West CoastEdit

Implicitly, this nation includes California, Oregon, and Washington, but is not otherwise described. Both the West Coast and New Texico maintain an infoblockade against the United States in 2219. However, video of an anti-Mormon riot in Sacramento has leaked out past the blockade.


West Coast People's Democratic RepublicEdit

The West Coast People's Democratic Republic was a communist state located on the west coast of North America. As was common among the fraternal socialist states, the Communist Party ruled the country absolutely. The National Bureau of Investigation was the government's strong arm.

The state of California was an important part of the WCPDR. Cities were sub-divided into regional party committees, which were in turn sub-divided into blocks, which were overseen by individual chairmen who usually did as their immediate committees bid them.

Elections took place when the Party deemed them appropriate. Other political parties, such as the Democrats, the Progressives and the Republicans were still legal, but citizens were directed to voted for the CPWCPDR.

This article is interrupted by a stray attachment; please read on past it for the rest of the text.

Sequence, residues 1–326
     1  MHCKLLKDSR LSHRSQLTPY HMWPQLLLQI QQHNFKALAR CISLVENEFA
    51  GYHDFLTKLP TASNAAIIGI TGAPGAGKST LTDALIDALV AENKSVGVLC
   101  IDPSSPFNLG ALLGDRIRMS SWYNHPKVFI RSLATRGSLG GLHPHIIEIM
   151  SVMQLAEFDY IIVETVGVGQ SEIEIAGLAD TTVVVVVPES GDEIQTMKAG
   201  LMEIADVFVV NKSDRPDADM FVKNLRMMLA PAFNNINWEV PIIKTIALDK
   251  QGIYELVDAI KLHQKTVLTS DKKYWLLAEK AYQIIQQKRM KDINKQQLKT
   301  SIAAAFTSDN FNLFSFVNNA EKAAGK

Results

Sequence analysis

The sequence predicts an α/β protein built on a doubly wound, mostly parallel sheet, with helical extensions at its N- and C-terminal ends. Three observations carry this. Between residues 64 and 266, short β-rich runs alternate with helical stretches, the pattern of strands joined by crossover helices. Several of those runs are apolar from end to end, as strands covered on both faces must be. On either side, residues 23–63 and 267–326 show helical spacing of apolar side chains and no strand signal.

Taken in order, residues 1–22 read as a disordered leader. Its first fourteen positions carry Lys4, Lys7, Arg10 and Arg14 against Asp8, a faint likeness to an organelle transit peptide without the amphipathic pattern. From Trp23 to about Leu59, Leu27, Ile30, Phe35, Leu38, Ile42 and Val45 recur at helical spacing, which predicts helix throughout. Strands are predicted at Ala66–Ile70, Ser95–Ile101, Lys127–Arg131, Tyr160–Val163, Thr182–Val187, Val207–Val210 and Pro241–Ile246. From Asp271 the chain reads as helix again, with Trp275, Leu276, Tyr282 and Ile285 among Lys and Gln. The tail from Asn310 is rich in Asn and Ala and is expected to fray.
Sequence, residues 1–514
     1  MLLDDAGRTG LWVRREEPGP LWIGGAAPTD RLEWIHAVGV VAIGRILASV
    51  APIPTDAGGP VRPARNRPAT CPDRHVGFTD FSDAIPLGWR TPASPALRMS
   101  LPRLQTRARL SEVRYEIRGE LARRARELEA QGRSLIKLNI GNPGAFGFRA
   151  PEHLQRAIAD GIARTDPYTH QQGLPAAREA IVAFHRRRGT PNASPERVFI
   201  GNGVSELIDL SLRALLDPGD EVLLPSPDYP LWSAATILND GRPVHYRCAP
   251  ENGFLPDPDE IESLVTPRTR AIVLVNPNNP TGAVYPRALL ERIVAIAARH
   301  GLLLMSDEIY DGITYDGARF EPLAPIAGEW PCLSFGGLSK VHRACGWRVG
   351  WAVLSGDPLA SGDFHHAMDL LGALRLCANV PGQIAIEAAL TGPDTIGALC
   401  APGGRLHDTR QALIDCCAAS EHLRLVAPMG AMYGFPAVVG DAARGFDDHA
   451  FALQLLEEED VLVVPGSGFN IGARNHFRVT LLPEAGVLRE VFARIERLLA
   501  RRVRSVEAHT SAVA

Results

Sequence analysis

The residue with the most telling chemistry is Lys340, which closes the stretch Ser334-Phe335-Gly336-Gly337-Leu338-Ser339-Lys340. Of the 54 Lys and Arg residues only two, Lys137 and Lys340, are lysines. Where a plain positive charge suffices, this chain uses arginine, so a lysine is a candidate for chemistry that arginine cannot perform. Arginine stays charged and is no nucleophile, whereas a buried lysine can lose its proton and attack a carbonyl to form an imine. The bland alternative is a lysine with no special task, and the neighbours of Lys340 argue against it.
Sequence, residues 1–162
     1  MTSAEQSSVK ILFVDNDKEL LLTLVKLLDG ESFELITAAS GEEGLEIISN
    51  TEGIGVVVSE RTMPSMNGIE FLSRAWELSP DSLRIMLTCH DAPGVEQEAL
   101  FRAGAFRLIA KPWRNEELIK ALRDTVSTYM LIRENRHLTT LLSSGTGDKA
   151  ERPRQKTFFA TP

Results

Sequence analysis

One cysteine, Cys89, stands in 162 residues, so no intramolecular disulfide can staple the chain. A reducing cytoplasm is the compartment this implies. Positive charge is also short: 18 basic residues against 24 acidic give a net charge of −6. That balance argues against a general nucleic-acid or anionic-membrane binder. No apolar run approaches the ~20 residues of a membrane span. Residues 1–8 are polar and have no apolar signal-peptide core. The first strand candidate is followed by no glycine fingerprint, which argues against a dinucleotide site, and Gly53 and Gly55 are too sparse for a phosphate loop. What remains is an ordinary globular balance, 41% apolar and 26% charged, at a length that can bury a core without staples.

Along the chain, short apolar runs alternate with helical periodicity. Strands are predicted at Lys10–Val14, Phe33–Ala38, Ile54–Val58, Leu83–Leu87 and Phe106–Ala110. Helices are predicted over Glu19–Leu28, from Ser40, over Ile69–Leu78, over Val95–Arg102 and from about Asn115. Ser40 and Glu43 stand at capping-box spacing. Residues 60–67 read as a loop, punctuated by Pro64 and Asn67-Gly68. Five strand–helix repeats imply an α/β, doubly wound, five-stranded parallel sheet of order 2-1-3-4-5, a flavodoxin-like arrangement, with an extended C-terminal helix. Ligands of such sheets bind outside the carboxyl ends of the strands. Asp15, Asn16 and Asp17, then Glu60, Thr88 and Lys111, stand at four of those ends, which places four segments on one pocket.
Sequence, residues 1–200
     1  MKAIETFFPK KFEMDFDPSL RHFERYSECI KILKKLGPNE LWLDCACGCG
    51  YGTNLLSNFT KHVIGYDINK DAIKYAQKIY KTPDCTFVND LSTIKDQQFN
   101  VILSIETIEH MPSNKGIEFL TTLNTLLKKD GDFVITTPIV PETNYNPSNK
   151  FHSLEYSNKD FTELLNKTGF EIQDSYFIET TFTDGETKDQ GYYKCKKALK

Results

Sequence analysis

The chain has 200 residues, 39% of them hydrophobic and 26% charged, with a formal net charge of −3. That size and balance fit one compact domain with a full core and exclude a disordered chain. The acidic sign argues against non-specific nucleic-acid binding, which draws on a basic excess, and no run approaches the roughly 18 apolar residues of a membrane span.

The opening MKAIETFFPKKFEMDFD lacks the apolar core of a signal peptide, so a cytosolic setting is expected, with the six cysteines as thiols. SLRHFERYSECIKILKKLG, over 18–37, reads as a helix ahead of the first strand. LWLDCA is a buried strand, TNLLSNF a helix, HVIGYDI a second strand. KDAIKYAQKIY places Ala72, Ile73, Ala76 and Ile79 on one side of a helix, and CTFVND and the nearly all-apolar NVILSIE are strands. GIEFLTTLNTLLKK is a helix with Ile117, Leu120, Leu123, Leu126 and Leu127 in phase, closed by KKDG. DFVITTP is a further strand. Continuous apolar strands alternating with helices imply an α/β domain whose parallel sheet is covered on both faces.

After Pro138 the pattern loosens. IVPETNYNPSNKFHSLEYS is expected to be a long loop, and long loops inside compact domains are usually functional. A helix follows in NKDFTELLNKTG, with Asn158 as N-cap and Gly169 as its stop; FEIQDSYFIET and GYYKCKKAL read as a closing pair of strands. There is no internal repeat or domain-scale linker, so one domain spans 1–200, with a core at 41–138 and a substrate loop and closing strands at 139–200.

As was often the case in socialist states, the upper echelons of the Party's nomenklatura enjoyed more power and privilege than the average workers they were nominally working on behalf of. Thus, a quiet resistance began to grow, with average citizens slowly working against state.[2]

Literary commentEdit

In a separate interview, Turtledove stated that the WCPDR is located on the west coast of the United States. That implies Washington and Oregon are also part of the WCPDR, but the text of the story itself does not make that explicit.

Northeastern Soviet Socialist RepublicEdit